Prevention of Pregnancy-associated Malaria in HIV-infected Women: Cotrimoxazole Prophylaxis Versus Mefloquine (PACOME)

This study has been completed.
Sponsor:
Collaborators:
Sidaction
Saint Antoine University Hospital
National University Hospital, Cotonou
Université d'Abomey-Calavi
Ministry of Health, Benin
Information provided by (Responsible Party):
Lise Denoeud-Ndam, Institut de Recherche pour le Developpement
ClinicalTrials.gov Identifier:
NCT00970879
First received: September 2, 2009
Last updated: January 21, 2013
Last verified: January 2013
  Purpose

The purpose of this study is to evaluate the efficacy of cotrimoxazole prophylaxis in prevention of malaria during pregnancy in HIV-infected women, compared to intermittent preventive treatment with mefloquine.


Condition Intervention Phase
Malaria in Pregnancy
HIV Infections
Drug: cotrimoxazole
Drug: mefloquine
Phase 3

Study Type: Interventional
Study Design: Allocation: Randomized
Endpoint Classification: Efficacy Study
Intervention Model: Parallel Assignment
Masking: Open Label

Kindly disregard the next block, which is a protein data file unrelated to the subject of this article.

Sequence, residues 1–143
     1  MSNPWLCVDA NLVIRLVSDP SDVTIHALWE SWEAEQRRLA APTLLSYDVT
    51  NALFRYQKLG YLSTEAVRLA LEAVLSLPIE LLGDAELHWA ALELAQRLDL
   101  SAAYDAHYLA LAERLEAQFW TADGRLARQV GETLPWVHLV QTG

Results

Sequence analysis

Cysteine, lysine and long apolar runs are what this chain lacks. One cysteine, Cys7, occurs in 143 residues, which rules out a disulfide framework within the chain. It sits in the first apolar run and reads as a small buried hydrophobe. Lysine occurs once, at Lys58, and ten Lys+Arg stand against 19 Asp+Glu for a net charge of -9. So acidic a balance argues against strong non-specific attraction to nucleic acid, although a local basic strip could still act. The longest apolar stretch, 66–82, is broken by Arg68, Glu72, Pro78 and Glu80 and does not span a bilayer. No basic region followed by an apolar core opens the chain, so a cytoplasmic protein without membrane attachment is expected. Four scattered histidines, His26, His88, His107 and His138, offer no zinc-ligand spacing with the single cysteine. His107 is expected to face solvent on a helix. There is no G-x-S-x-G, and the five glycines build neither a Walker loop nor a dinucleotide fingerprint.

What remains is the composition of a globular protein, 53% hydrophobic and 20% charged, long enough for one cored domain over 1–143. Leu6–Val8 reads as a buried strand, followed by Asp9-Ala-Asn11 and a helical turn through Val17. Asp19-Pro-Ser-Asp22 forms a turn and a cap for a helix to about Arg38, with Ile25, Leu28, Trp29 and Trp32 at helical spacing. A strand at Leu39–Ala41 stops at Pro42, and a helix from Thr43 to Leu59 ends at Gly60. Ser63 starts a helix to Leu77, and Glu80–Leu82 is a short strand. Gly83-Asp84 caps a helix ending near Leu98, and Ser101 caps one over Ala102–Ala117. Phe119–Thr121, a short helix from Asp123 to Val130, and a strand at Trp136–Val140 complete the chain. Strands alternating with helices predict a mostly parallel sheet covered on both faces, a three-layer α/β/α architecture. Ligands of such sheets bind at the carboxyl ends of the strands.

Primary Purpose: Prevention
Official Title: Prevention of Pregnancy-associated Malaria in HIV-infected Women : Randomised Controlled Trial Testing Cotrimoxazole Prophylaxis Versus Intermittent Preventive Treatment With Mefloquine

Resource links provided by NLM:


Further study details as provided by Institut de Recherche pour le Developpement:

Primary Outcome Measures:
  • proportion of placental malaria (presence of parasites in the placental blood smear at delivery) [ Time Frame: delivery ] [ Designated as safety issue: No ]

Secondary Outcome Measures:
  • placental malaria mean parasite density at delivery [ Time Frame: delivery ] [ Designated as safety issue: No ]
  • proportion of low birth weight infants (<2500 g) and mean birth weight [ Time Frame: delivery ] [ Designated as safety issue: No ]